Doberman Shepherd

90-110 lbs
Doberman Pinscher
German Shepherd

The Doberman Shepherd is a hybrid breed where the Doberman Pinscher is crossed with the German Shepherd. The hybrid will be a large dog, with an average weight of 90 to 110 pounds. Very intelligent and having a lot of energy, this dog will need a family that can give him a significant amount of daily activity. The Doberman Shepherd can be stubborn, making it important that his owner be clear that he, not the dog, is in charge.

Date of Origin
Doberman Pinscher and German Shepherd

Doberman Shepherd Health

Average Size
Male Doberman Shepherd size stats
Height: 22-26 inches Weight: 90-110 lbs
Female Doberman Shepherd size stats
Height: 22-26 inches Weight: 90-110 lbs
Major Concerns
  • Elbow Dysplasia
  • Cardiomyopathy
  • Hip Dysplasia
  • CVI (Wobbler’s Syndrome)
Minor Concerns
  • Gastric Torsion
  • Osteosarcoma
  • Cataracts
  • Hip Dysplasia
  • Pannus
  • Progressive Posterior Paresis
  • Perianal Fistulas
  • vonWillebrand’s Disease
  • Dermatitis
Occasional Diagnoses
  • None
Occasional Tests
  • Cardiac
  • X-Rays
  • Physical Examination
  • Eye Examinations
  • DNA Test
  • Hip

Doberman Shepherd Breed History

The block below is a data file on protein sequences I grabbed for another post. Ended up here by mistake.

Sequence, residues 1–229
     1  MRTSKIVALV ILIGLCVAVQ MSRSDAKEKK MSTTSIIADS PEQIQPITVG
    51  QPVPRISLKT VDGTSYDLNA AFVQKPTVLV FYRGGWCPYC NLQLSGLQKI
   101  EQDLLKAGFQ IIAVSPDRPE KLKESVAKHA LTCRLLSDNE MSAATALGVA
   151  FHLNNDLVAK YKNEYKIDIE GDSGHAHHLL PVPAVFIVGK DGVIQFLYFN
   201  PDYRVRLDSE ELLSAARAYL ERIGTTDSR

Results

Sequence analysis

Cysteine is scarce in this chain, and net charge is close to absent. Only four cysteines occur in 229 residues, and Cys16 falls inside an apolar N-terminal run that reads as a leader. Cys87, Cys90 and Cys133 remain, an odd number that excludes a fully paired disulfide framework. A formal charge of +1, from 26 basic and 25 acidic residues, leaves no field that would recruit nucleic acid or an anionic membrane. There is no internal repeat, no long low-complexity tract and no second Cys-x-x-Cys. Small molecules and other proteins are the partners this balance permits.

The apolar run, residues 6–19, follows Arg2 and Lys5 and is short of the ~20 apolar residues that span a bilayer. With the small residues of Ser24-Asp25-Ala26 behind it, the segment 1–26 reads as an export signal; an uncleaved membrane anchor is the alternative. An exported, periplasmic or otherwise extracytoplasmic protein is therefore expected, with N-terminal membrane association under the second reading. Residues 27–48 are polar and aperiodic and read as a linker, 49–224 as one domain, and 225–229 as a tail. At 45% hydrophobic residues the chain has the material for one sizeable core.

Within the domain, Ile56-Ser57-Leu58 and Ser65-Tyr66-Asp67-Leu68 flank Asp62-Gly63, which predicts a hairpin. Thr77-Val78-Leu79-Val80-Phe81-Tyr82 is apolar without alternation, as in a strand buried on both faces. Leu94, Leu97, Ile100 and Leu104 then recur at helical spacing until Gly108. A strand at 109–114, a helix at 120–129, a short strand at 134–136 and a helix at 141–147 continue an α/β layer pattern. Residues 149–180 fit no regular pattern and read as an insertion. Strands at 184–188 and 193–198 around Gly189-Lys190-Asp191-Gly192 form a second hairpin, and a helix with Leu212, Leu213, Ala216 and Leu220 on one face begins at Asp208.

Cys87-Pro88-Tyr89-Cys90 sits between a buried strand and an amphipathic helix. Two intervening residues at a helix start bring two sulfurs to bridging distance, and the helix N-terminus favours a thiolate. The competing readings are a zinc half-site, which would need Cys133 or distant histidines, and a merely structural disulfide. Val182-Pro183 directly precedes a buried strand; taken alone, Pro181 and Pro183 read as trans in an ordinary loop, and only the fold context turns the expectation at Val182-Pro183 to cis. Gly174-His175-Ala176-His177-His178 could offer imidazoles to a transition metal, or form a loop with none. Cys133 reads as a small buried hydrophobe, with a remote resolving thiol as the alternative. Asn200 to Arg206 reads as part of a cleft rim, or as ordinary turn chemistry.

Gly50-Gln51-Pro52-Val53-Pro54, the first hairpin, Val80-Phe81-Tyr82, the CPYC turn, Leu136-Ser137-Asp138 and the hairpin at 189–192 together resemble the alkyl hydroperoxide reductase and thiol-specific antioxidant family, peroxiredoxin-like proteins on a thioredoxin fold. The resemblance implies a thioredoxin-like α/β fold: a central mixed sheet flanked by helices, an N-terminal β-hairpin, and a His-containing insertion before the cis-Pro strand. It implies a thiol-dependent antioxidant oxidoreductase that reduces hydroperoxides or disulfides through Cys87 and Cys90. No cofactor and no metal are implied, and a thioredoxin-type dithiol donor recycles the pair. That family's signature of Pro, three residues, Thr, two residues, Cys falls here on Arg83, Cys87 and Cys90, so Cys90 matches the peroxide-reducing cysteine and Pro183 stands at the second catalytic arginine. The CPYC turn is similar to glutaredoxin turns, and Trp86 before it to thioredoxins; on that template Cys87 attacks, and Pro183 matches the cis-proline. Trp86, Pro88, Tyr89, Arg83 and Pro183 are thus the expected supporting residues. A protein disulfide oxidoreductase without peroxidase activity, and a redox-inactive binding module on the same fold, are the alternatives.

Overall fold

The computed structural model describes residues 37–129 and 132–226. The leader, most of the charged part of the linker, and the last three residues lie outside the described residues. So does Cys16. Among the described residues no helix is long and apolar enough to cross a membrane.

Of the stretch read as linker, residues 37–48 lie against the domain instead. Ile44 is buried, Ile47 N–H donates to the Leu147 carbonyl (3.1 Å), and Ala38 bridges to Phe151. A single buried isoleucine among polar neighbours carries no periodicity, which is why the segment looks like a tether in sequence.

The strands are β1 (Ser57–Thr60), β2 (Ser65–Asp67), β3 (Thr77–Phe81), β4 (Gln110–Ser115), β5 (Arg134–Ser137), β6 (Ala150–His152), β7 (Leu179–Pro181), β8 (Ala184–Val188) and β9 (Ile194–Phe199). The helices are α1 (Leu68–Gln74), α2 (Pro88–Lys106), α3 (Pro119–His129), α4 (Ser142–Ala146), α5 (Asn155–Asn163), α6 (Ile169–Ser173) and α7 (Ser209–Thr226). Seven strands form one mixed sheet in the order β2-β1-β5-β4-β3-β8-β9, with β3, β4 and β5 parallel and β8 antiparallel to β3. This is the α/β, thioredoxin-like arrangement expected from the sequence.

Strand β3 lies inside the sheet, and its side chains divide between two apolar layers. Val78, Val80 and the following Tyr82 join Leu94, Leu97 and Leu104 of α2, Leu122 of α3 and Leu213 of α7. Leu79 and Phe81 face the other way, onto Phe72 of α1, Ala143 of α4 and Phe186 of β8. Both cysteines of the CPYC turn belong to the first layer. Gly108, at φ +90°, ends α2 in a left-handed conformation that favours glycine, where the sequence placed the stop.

The Doberman Pinscher originated in Apolda, in Thueringen, Germany through the efforts of Karl Friedrich Louis Dobermann around 1890. He combined several breeds while perfecting the breed, including the Rottweiler, Weimernaner, German Pinscher and more. Mr. Dobermann was looking for a canine that would be proficient in guarding. He was successful in his quest; in fact, the breed went on in the future to work as brave sentries, scouts and messengers during times of war. Many dogs are buried on the island of Guam, at the war dogs cemetery. The Doberman was added to the American Kennel Club roster in 1908. In 1921, the Doberman Pinscher Club of America was formed. The first Doberman Pinscher to win the Best in Show at the Westminster Kennel Club Show was in 1939. The roots of the German Shepherd can be traced as far back as the 7th century A.D. to a mountain sheepdog in Germany. Between the late 1800’s and early 1900’s, Captain Max von Stephanitz took local shepherd dogs of the long-haired, short-haired and wire-haired varieties to develop the modern-day German Shepherd, an all-purpose working dog. An organization called the Verein fur Deutsche Scharferhunde SV was created in 1899 to provide oversight into the breeding of the German Shepherd, with the goal of developing a herding dog with courage, athleticism and intelligence. The first German Shepherd was registered by von Stephanitz in 1899 as the German Sheepdog. Dogs of the breed worked as war sentries in World War I during which the name of the breed was changed from German Sheepdog to Shepherd Dog by the American Kennel Club. In 1931, the breed was renamed and called the German Shepherd.